- Rogue roulette ball hits gambler in eye at off-Strip casino, lawsuit alleges – Las Vegas Review-Journal.
- South Jersey native hospitalized after diving accident with Cirque du Soleil – Courier Post.
- Widow of man killed on Las Vegas hotel escalator sues Boyd Gaming – Fox 5 KVVU.
- Drone injured woman’s eye at Las Vegas casino July 4th party, lawsuit says – ABC News.
- Construction worker injured at Fontainebleau Las Vegas – ABC 13 KTNV.
- Turner v. Mandalay Sports Entertainment, (2008) 124 Nev. 213, 180 P.3d 1172; Scialabba v. Brandise Construction Co., (1996) 112 Nev. 965, 921 P.2d 928; Perez v. Las Vegas Med. Ctr., (1991) 107 Nev. 1, 4, 805 P.2d 589. For example, casinos have a duty to (without limitation):
• Take all reasonable food preparation and storage precautions to ensure food safety and prevent food poisoning, E. coli, and salmonella,
•. Not serve alcohol to severely intoxicated patrons, whether in casinos, dining areas, or nightclubs,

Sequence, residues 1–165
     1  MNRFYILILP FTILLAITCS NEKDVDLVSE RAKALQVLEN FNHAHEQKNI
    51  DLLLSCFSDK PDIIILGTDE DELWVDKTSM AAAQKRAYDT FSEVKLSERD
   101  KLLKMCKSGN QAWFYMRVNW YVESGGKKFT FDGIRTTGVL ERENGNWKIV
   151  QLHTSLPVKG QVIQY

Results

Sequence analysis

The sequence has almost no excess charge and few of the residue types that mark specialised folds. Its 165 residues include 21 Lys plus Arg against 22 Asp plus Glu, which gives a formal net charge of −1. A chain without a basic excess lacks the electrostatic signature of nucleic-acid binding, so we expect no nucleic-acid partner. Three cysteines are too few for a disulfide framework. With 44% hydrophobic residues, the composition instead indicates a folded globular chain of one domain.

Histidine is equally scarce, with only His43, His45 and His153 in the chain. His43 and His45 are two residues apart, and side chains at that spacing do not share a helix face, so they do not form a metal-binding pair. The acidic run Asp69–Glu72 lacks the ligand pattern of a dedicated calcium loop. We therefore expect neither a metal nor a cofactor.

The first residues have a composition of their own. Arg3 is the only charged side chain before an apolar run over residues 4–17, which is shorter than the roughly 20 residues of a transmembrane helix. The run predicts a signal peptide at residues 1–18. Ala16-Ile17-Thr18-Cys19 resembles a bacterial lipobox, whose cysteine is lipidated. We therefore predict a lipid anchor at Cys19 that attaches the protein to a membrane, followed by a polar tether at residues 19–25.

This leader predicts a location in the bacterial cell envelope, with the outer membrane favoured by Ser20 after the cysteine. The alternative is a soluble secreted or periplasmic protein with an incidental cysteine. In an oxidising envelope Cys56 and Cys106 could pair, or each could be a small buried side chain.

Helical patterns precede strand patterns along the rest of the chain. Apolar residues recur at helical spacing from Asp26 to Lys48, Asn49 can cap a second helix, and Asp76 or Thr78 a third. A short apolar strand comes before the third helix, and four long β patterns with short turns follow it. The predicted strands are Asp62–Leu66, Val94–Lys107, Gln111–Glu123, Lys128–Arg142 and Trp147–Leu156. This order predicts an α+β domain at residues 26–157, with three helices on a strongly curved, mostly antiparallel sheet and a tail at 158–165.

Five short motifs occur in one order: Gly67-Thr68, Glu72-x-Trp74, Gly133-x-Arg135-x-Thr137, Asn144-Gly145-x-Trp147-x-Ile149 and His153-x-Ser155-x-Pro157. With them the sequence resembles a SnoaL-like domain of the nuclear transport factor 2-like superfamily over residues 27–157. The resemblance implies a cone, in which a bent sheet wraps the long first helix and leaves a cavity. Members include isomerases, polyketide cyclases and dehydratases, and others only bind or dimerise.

• Keep the fixtures and furniture stable and in good repair (particularly if they see heavy use such as restaurant tables),
• Maintain safety of chairs, whether at gaming tables, bars, restaurants, buffets, arenas, stadiums, showrooms, or bathrooms,
• Clean up spills promptly to prevent slip hazards,
• Keep hallways free of debris,
• Keep stairs even and maintain their handrails,
• Maintain adequate security,
• Maintain even floors and grounds (no torn or loose carpet),
• Maintain elevators and escalators (which could cause people to fall suddenly should they malfunction and stop short),
• Provide adequate lighting in parking structures,
• Keep hotel rooms free of bed bugs,
• Keep pools and spas clean and safe,
• Keep construction zones marked,
• Keep water from any faucets at a lukewarm temperature to prevent burns,
• Maintain safety of casino garages and ground transportation (such as shuttles and buses) for pedestrians and passengers to prevent car accidents,
• De-ice sidewalks,
• Cover potholes,
• Be able to provide reasonable aid in an emergency, and
• Comply with state and federal anti-discrimination laws.
- Humphries v. New York, New York, (2017) 133 Nev. Advance Opinion 77; see, for example, NRS 651.015 on the civil liability of innkeepers for injury or death to non-employees.
- NRS 41.141.
- See for example Hall v. SSF (1996) Inc., 112 Nev. 1384.
- See for example Wright v. Watkins and Shepard Trucking, Inc (2013) 972 F.Supp.2d 1218.